Suzhou is famous for its gardens and canals. Web-mate Liu Zhang picked me up at the Suzhou station. We visited the leaning tower of Tiger Hill, the West Temple and the Liu Garden before going to his apartment.
I shot this canal on the way to Tiger Hill where the two photos below were taken. Unfortunately I did not manage to get a good shot of the tower. That would have required a wide-angle lens and I did not have one. You can get a glimpse of the tower behind us but you will have to take my word for it; the leaning tower does lean but not as much as the one in Pisa!
The West Garden Temple (xiyuan si) contains over 500 "Laka", gilded wooden statues of holy men (only men) to whom the faithful used to address their demands for health, wealth and children.
It was unfortunately forbidden to take pictures inside the temple. It's a pity for some of the ancient sculptures were quite expressive and would have made good photos.
Also in the north west corner of Suzhou is the Ming dynasty Liu Garden. Also known as "The Garden for Lingering In" it is an elaborate succession of small gardens each one different and more exquisite than the other. One has to linger in the Liu Garden, or in any of Suzhou's great gardens to marvel that the unique art form these gardens represent has survived the violent turmoil of this century.
The Garden for Lingering In is a veritable labyrinth of beauty. Really a nice place to get lost in!
At every turn a new vista of trees and flowers invites you to dream and linger in this garden. And it goes on and on, the garden covers more than three hectares!
I shared Liu Zhang's apartment that night as his wife was away for the weekend. The following day I explored Suzhou by myself and took this picture in the quite small Garden of Harmony located right in the center of the city next to the noisy main street, Renmin Lu.
At the northern end of Renmin Lu stands the appropriately named North Temple not far from the "Humble Administrator's Garden" where I am heading now. Built in the 17th century, this nine storey pagoda offers a great view of Suzhou from the top.
I had admired the Liu Garden without reservation yesterday but The Humble Administrator's Garden (zhuo zheng yuan) was even more impressive. My visit happened to coincide with the flower festival and additional flowers were artfully displayed everywhere. An exuberant explosion of colour and scent!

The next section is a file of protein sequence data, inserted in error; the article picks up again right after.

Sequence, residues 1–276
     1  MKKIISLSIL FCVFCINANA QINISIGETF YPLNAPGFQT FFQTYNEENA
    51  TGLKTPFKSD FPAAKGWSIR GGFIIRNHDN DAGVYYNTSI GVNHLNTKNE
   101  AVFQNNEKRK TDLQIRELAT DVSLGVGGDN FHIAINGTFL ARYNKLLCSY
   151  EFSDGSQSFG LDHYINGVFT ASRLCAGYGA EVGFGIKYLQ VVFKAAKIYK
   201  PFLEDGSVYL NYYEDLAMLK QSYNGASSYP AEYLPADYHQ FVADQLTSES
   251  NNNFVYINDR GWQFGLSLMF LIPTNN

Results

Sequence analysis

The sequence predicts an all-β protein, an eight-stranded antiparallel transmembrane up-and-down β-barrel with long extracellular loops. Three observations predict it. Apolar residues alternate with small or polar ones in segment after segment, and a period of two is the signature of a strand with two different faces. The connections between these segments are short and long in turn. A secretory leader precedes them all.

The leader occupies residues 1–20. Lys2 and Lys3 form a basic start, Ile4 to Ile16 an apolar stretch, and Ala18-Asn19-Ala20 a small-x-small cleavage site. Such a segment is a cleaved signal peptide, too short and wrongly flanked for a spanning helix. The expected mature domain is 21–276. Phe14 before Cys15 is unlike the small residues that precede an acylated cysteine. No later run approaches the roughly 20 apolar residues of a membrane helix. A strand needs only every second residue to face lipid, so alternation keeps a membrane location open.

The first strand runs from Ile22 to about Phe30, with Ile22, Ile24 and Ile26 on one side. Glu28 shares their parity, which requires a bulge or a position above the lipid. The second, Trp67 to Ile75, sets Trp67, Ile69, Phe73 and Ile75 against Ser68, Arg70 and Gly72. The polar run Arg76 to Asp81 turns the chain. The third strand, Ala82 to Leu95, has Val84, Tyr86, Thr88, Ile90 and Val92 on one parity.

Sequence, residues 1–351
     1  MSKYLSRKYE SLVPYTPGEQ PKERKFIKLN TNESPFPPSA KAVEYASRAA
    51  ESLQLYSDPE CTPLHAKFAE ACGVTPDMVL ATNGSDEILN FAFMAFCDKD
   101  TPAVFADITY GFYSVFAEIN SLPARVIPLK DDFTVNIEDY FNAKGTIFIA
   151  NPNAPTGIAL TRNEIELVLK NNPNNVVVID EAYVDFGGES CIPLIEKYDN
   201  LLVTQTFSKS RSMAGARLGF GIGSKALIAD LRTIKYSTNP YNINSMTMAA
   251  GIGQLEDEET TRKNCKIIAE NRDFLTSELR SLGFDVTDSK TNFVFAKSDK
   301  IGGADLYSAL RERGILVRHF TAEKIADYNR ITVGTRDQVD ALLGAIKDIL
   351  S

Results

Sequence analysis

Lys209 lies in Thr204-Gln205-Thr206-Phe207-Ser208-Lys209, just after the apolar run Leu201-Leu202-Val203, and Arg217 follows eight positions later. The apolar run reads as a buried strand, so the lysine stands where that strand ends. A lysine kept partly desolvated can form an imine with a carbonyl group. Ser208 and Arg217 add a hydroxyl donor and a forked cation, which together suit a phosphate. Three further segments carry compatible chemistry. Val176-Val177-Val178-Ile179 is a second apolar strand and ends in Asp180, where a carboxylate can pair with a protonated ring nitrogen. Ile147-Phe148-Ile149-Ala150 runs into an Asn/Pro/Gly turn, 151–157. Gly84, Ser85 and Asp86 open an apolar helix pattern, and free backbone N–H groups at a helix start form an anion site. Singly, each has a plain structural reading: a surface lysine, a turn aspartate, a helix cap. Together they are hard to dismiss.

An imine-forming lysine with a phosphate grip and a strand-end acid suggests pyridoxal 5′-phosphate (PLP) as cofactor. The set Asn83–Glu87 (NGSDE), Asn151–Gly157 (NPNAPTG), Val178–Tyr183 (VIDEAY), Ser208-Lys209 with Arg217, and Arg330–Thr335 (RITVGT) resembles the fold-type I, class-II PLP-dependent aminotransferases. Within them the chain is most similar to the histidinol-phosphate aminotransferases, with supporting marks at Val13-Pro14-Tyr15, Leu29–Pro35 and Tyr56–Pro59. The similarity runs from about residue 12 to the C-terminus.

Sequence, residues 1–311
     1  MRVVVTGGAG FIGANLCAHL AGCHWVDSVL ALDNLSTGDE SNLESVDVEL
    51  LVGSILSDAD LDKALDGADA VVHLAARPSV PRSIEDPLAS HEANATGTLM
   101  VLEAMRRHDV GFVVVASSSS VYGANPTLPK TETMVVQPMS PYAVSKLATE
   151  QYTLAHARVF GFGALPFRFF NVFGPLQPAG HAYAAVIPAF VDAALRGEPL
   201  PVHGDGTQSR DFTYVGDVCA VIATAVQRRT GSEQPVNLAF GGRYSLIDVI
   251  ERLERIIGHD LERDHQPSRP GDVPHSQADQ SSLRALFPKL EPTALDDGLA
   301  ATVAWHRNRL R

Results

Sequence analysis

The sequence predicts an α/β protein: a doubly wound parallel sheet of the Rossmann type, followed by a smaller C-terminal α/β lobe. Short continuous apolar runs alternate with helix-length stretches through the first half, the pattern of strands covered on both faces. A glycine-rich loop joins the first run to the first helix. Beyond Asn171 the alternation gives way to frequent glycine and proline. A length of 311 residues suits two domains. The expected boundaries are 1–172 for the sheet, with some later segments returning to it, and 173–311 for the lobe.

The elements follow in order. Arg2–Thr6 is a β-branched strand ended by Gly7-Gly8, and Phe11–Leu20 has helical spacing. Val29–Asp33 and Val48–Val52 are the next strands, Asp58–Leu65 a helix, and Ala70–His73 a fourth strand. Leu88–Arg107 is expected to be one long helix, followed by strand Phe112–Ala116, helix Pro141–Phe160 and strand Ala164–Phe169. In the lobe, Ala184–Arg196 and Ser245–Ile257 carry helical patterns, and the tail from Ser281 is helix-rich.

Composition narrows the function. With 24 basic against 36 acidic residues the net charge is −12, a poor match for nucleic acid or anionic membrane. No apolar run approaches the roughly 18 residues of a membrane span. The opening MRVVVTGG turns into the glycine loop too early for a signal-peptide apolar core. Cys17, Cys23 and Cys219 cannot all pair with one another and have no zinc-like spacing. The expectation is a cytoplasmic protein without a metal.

The Liu Gardens were large but the Humble Administrator's Garden was even larger as it covered five hectares with streams, ponds, islands, beautiful rocks, delicate bridges and elegant pavilions.
There were many visitors but the garden was large and it was divided up into smaller gardens in such a manner that it did not seem crowded.
What can I say!
I'll just let you look.
Some people prefer the Master of Nets Garden but this one was my favorite.
In the afternoon I was joined by Kong Fan Yun, a bright Suzhou university physics student I had met when I arrived in the train station. Here we are in the 14th century Lion Grove Garden (shizlin) just south of the Humble Administrator's garden.
This garden's specialty was its great collection of beautiful rocks artfully arranged into a kind of labyrinth around this pond.
The Master of the Nets Garden (wanshi yuan) in the south east corner of Suzhou is small but remarkably beautiful. Actually it not only a garden but also an 18th century residence (now a museum of course).
It is world famous because part of the residence was duplicated and exposed in New York's Metropolitan Museum of Art in 1981. A miniature of the garden was also exposed in the Paris Pompidou Center in 1982.
On the following day I visited the East Park to see the umbrella festival, millions of red umbrellas displayed all over to add colour to this large park.
I also visited the nearby Coupling Garden (ou yuan). It was also beautiful but I must admit that I was saturated after three solid days of garden gazing!
I turned my attention to the older parts of this ancient city and discovered great spots like this quaint canal south of Coupling Garden.
The people had a tendency to stare at me but that was OK because I found them equally interesting to look at and had to make an effort not to appear to be staring at these two old timers repairing a bed by the canal. Their Mao suits give away their age, the blue uniform, universal when I was here in 1973, has been now replaced by jeans and t-shirts.
Guangian Jie which crosses busy Renmin Lu and passes through the old bazaar around this temple is becoming Suzhou's fashionable place to go shopping. The 3rd century Taoist Temple of Mystery is now swamped by stalls selling everything from insense sticks to brassieres. The mystery has left but there are still some people who will burn insense and rub the great brass Ding for good luck.